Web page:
So many questions. How did he get his gun back? Why wasn't her family notified? Could this tragedy have been prevented if he had gotten treatment? How do we make sure something like this never happens again?
There are no easy answers following the murder-suicide last week near Deaconess Hospital, where 37-year-old Christopher Henderson fatally shot his wife, Sheena, 30, before turning the gun on himself.
What we do know is that Christopher's mental health had been deteriorating for months. On May 16, Sheena alerted police that her husband was suicidal. Officers found Christopher in a van, armed with a gun. They convinced him to hand over his weapon and transported him to Sacred Heart Medical Center for a mental health check, where he was released three hours later.
Then on July 7, sheriff's deputies paid a visit to Christopher at his office after a coworker heard him talking about ending his life. Deputies questioned Christopher and determined he wasn't a threat. Later that day, Christopher got his weapon back from police lockup. The next day, he shot his wife multiple times at the Rockwood Cancer Treatment Center on the Deaconess Medical Center campus, where she worked. Afterward, he shot himself in the head.
Could early treatment intervention have prevented last Tuesday's violent attack?
It's hard to say, says Staci Cornwell, the director of Crisis Services at Frontier Behavioral Health. "It is very difficult to predict that someone will do something like this — kill himself or kill someone else — unless they're telling you to your face."
Under Washington's Involuntary Treatment Act, the court can commit individuals with severe symptoms of mental illness to the hospital without their consent only if a county "designated mental health professional" determines they are "gravely disabled" or an "imminent" danger to themselves or others. Those who meet the state's criteria can be hospitalized at a psychiatric facility for up to 72 hours or longer after further court action.
Suicidal thoughts alone, however, aren't always enough to trigger an involuntary detention, Cornwell says.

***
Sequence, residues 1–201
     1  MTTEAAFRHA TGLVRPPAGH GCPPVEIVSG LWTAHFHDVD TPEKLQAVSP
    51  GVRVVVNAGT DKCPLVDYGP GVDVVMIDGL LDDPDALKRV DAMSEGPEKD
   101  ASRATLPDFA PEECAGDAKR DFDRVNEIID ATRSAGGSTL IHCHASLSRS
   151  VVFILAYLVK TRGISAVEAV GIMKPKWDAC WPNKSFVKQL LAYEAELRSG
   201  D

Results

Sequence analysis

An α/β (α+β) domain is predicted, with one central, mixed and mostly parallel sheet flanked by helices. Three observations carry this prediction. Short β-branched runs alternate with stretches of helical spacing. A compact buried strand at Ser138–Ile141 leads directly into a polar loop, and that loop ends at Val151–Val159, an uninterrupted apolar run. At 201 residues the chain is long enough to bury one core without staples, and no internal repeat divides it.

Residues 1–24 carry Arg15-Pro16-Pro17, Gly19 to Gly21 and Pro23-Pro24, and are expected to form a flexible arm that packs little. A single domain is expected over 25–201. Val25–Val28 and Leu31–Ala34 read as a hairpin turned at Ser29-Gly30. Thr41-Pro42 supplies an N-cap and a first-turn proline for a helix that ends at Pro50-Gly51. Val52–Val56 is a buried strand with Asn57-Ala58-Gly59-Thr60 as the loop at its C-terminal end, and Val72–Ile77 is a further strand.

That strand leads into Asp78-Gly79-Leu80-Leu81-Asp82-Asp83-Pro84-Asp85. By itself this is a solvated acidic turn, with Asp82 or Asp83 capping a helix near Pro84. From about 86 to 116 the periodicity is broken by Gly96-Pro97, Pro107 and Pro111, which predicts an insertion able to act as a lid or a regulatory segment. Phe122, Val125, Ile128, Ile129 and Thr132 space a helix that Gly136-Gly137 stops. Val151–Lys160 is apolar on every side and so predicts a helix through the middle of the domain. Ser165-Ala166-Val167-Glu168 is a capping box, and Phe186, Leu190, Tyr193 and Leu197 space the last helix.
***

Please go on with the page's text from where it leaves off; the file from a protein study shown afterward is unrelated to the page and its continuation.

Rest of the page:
"We see and get calls from hundreds and hundreds of people who are suicidal who don't meet that criteria," she says.
The Crisis Response hotline at Frontier gets thousands of calls every month, Cornwell says, and between 600 and 800 referrals requesting a mental health evaluation. Frontier is the only agency in the county with authority to perform involuntary treatment evaluations.
Cornwell would not confirm whether Frontier DMHPs or hospital workers were involved in Christopher's evaluation at Sacred Heart Medical Center due to privacy concerns. But both, she says, would have conducted the same initial assessment to gauge his risk level and need for treatment. In that assessment, mental health providers would see if the client had a plan to commit suicide, a means do it and any protective factors that may prevent him from doing so, like close family members or goals for the future. Next, they would work to minimize his risk of suicide, say, by taking away his weapon or cache of pills, and connecting him to outpatient treatment services. Involuntary commitment is usually a last resort.
"When you involuntarily hospitalize someone, it is a court process; it is a civil commitment. It does strip them of those rights," Cornwell says. "We do try and make sure we're exhausting all options before we go into that direction.
"If we can prevent the downward spiral, then that's our best opportunity to really make a difference and changing the course of where they're headed," she adds. "We certainly don't want people to hit rock bottom or do something dangerous before we intervene."
But advocates from the Washington chapter of the National Alliance on Mental Illness say that's exactly what happens. Sandi Ando, the public policy chair, argues that the state's civil commitment criteria is too narrow to get decompensating people the help they need to avert a mental health crisis. Over the years, NAMI has backed legislation expanding the state's civil commitment criteria by removing the "imminent" standard under the Involuntary Treatment Act.
The most recent iteration of the bill was introduced last year by Rep. Brad Klippert, R-Kennewick. The bill has never gained traction, Ando says, because of the high costs of adding more treatment beds.
"If we're going to take care of people... we need to be sure the system is adequate to respond to them and their needs, and there is no way this system is adequate to do that," she says. "The fact is that nobody who is operating in a highly delusional state really does have any liberty at all. They're at the mercy of their delusions; they're not free anyway. The best way to get them free is to get them well." ♦